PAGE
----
# Physics in LEGO Mindstorms: Energy Accumulation and Conservation. Part 2. Moment of Intertia

Introducing three main concepts - Energy, Inertia Moment and Angular Velocity. We describe what is the moment of Inertia, how do we calculate it and how do we measure it?

• #115
• 08 Nov 2015
• 9:36

The Moment of Inertia gives you an understanding of how difficult it is to stop an object once it is moving/rotating or to start moving/rotating an object once it has stopped. You can give it a value and this value depends on the weight and the speed of the object.

Previous video tutorials:

### English

Now let's get into the theory. We have a cylinder and this cylinder is rotating on an axle and is rotating in a certain direction. Because of the rotation this cylinder has energy and energy is marked with the letter E and it has kinetic energy. Now there are different types of cylinders and different ways to calculate the kinetic energy of this cylinder and they all depend on something called the inertia moment and the the speed of rotation which is called omega. We have these 3 values, the kinetic energy the inertia moment and the speed of rotation of this cylinder. The connection between these values is the following. E is equal to a half of the inertia moment multiplied by omega squared. Omega marks the speed of rotation of this cylinder. This is the kinetic energy of our cylinder. For the inertia moment, it depends on the mass and radius of this cylinder. The inertia moment is equal to a half of the mass of the cylinder multiplied by the radius of the cylinder squared. The radius of the cylinder is right here and the larger the cylinder, the more the inertia moment, the larger the mass, the more the inertia moment and actually the inertia moment shows how difficult it is once this cylinder is rotating to stop it from rotating or once this cylinder is stopped to start it rotating. That's actually the notion behind the inertia moment.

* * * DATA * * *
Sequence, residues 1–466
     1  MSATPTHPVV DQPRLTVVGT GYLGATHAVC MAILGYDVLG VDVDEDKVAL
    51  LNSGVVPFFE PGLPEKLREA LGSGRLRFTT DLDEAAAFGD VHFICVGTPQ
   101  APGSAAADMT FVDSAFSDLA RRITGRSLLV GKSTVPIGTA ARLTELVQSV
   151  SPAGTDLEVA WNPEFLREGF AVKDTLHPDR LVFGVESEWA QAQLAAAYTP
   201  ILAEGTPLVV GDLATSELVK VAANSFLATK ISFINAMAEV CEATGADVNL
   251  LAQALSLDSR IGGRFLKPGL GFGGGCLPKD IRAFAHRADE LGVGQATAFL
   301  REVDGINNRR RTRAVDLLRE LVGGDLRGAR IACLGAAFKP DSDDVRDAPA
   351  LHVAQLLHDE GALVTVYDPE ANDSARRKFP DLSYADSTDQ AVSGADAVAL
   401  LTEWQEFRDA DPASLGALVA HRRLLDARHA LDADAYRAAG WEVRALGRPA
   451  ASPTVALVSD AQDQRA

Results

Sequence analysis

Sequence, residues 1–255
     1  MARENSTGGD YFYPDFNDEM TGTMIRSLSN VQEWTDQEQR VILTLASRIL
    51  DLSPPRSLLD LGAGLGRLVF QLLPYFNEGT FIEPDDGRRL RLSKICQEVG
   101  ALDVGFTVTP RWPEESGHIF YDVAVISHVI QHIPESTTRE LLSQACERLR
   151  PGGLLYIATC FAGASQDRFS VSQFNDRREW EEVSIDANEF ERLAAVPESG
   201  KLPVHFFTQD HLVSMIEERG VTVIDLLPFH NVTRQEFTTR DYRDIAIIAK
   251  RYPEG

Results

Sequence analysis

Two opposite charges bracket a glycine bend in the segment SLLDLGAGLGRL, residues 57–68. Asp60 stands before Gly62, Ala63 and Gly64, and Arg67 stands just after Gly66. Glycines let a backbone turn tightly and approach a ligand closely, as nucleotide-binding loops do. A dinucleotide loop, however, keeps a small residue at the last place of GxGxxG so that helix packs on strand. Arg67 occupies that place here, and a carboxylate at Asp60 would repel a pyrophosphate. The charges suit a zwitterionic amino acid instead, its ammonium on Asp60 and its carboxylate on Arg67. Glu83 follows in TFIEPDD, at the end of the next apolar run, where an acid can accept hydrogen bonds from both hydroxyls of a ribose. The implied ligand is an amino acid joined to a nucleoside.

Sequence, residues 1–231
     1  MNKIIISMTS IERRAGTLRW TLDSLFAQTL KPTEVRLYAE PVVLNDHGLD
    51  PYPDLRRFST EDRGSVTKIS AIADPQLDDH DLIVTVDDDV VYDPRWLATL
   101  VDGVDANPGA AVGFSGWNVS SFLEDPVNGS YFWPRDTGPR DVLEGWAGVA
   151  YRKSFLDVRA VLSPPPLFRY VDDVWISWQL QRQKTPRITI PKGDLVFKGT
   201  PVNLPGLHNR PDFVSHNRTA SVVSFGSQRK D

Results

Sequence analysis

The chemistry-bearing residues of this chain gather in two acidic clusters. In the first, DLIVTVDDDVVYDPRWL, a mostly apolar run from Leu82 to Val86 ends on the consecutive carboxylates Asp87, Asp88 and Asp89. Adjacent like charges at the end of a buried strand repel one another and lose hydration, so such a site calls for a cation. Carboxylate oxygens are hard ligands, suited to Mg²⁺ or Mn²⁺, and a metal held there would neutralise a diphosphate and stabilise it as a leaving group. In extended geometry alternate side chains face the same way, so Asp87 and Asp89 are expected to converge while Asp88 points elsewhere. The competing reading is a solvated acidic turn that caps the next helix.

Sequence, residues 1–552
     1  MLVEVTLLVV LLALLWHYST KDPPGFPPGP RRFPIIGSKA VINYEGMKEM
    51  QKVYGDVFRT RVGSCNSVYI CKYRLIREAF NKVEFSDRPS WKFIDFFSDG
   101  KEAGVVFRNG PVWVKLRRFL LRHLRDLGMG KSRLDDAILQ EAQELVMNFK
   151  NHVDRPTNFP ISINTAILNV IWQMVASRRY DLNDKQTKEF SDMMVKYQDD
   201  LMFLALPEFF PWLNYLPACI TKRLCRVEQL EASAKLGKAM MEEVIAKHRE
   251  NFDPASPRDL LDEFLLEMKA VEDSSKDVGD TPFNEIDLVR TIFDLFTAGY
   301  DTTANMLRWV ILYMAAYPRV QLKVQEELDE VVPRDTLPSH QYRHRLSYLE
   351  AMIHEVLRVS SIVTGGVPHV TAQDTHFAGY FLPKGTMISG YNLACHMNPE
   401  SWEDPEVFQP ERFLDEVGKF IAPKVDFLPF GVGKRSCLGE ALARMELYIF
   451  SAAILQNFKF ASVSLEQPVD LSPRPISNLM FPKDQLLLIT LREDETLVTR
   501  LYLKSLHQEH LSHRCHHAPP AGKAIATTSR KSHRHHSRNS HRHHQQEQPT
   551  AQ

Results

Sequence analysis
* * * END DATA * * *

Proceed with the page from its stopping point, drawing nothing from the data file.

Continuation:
This here is moment of inertia.

This formula right here applies only for a solid cylinder. If you look at the LEGO wheel that we are currently using it's a cylinder but it little bit different because the mass of this cylinder is not equally distributed. Our LEGO wheel has a tire and a rim. If you measure the tire and we've done it it's about 25 grams and the rim is about 15 grams and the whole wheel is about 40 grams. So the mass is not equally distributed and because of that it get very complicated and we'll use a very simple formula, it won't be very accurate, but it will be quite accurate for the principle that we would like to show. When you have a cylinder that has most of the mass here between the 2 radii. We have an outer circle and for it we have r outer and for the inner circle we have r inner.

We have the inertia moment for the cylinder that has an outer circle and an inner circle that is equal to a half of the mass multiplied by the radius of the outer circle squared plus radius inner squared. That's the formula that we are going to use for finding the energy, the inertia moment and from there the energy of our LEGO wheel that is rotating. We have the 2 radii and the mass. Last but not least we must find the speed of rotation. The speed of rotation of this wheel and the angular velocity is marked with omega. We measured the angular velocity last time.

We measured last time that our motor was rotating with 860 degrees per second. That was the angular velocity of our motor when it was reaching the power of a 100%.

If we know that one circle has 360 degrees how many rotations per second are we doing. If we divide 860 by 360

will give us the number of rotations that our motor is doing for 1 second. This here is equal approximately to 2.39. We have our motor doing 2.39 rotations per second.

Because we are working in the system international units we must have all the units in the system so that we can get the energy. For the energy we would like to get it in joules, that means that we must have the mass in kg and the mass of our wheel is 0.04 kg, the radius then must be in meters, the larger radius is 0.07 m, that's the radius of the outer circle.

We need the radius of the inner circle is equal to 0.049 m, and we must also have the omega, we must have it in radians per second. What does that means? We have a number of rotations per second

and we multiply this by 2 pi, because n 1 circle we have 2 pi radians. Below the video we'll give you more links for resources that explain exactly the conversion between the rotations per second and the radians per second If we multiply 2.39 by 2 pi we'll get something like this. So we have 2.39 multiplied by 2*3.14 and the result is about 15 radians per second. Our wheel is doing 15 radians per second.

Omega is actually 15 radians per second. Because the video is getting too long in the next video we'll continue substituting these values in the formula and getting the result in joules.